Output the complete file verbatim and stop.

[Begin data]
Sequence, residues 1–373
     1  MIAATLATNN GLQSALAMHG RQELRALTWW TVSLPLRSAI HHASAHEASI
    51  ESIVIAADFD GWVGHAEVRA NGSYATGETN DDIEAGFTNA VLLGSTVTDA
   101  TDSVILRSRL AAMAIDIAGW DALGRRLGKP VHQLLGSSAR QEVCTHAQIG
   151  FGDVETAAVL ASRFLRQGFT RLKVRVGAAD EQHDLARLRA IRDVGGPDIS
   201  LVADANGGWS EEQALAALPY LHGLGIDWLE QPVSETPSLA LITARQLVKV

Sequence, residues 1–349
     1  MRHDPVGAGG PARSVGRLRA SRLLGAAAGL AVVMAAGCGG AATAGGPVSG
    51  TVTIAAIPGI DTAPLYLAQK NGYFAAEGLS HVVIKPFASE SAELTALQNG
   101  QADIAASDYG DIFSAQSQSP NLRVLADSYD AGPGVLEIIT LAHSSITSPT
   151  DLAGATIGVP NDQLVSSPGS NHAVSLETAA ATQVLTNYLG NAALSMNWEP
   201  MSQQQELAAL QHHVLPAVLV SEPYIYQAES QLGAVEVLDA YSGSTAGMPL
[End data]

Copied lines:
Sequence, residues 1–373
     1  MIAATLATNN GLQSALAMHG RQELRALTWW TVSLPLRSAI HHASAHEASI
    51  ESIVIAADFD GWVGHAEVRA NGSYATGETN DDIEAGFTNA VLLGSTVTDA
   101  TDSVILRSRL AAMAIDIAGW DALGRRLGKP VHQLLGSSAR QEVCTHAQIG
   151  FGDVETAAVL ASRFLRQGFT RLKVRVGAAD EQHDLARLRA IRDVGGPDIS
   201  LVADANGGWS EEQALAALPY LHGLGIDWLE QPVSETPSLA LITARQLVKV

Sequence, residues 1–349
     1  MRHDPVGAGG PARSVGRLRA SRLLGAAAGL AVVMAAGCGG AATAGGPVSG
    51  TVTIAAIPGI DTAPLYLAQK NGYFAAEGLS HVVIKPFASE SAELTALQNG
   101  QADIAASDYG DIFSAQSQSP NLRVLADSYD AGPGVLEIIT LAHSSITSPT
   151  DLAGATIGVP NDQLVSSPGS NHAVSLETAA ATQVLTNYLG NAALSMNWEP
   201  MSQQQELAAL QHHVLPAVLV SEPYIYQAES QLGAVEVLDA YSGSTAGMPL